An examination of building materials and methods used in the construction of domestic, civic, and religious buildings of the Greek and Roman worlds. The way in which the functions of these buildings influenced their forms is also examined. Further topics of discussion include comparative studies of the works of individual architects, architectural adaptations to local topography, and the use of building programs for propaganda purposes. (ART)
1.00 units, Lecture
CLCV 218
Archaeology of the Holy Land
Through a survey of arts, architecture, material remains, and written accounts, this course traces the complex past of a region regarded as Holy Land by people of several major religions. We will evaluate incongruities between written texts and physical evidence; the contentious political and religious agendas that affected studies of these lands; and evidence for the ancient societies, cultures, economies, religions, and politics that contributed to shaping the modern Middle East. (GLB2)
1.00 units, Lecture
CLCV 222
Ancient Cities of the Near East, Egypt, and the Mediterranean World
This course traces ancient urbanism from the development of Neolithic sedentism to the massive cities of the Hellenistic kingdoms and the Roman Empire. We will examine both primary and secondary texts, together with evidence from art and archaeology, to assemble a composite view of urban life and the environmental, topographical, political, cultural, and economic factors that shaped some of the most impressive cities ever built, many of which remain major metropolitan centers today. (HUM)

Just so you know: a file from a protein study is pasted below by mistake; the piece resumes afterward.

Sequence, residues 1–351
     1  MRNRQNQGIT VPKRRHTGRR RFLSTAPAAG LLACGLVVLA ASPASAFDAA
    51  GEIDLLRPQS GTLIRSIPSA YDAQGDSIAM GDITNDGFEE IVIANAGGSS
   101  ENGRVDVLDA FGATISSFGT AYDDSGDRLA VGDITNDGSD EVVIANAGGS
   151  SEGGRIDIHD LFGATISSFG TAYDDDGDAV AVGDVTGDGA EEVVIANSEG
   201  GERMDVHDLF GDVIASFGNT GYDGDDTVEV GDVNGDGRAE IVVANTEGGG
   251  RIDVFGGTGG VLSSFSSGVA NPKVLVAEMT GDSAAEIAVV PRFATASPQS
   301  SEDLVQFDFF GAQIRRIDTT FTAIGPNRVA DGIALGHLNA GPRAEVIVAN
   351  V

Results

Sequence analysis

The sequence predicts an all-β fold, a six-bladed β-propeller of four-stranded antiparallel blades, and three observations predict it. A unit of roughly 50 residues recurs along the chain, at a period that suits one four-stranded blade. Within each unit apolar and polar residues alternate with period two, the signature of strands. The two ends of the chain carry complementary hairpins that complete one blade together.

1.00 units, Lecture
CLCV 232
Ancient Greece on Film and TV
What do films and television programs set in ancient Greece say about us and our identities now? This course explores the relationship modern artists have constructed with ancient Greece in the cinema and on the television screen. The main focus will be on how contemporary Americans view, depict, and change ancient experiences based on differing circumstances of time and place. Topics for discussion include the distinction between “myth” and “history”, the depiction of gender, the representation of the divine, considerations of the audience, and the mechanics of adaptation. Films may include Disney’s Hercules (1997), O Brother, Where Art Thou? (2000), Troy (2004), and 300 (2007). Television programs may include Xena: Warrior Princess (1995-2001) and Wishbone (1995-1999). (GLB2)
1.00 units, Lecture
CLCV 240
Mobility and Travel in the Ancient World
Tourism, pilgrimage, enslavement, and exile—these are but some of the reasons that brought the Greeks and Romans far from home or—as in the case of Vergil’s hero Aeneas—to home for the very first time. By traversing the Mediterranean Sea and beyond, the Greeks and Romans encountered people and places that shaped and reshaped their understanding of the world and their place in it. By studying texts like Homer’s Odyssey, Pausanias’ Description of Greece, and Cicero’s letters alongside archaeological evidence from sites like the multicultural island of Delos, we will discover the logics of mobility in classical antiquity and its social, cultural, and political implications for those whom the Greeks and Romans met. (GLB2)
1.00 units, Lecture
CLCV 245
Songs of War from Ancient Greece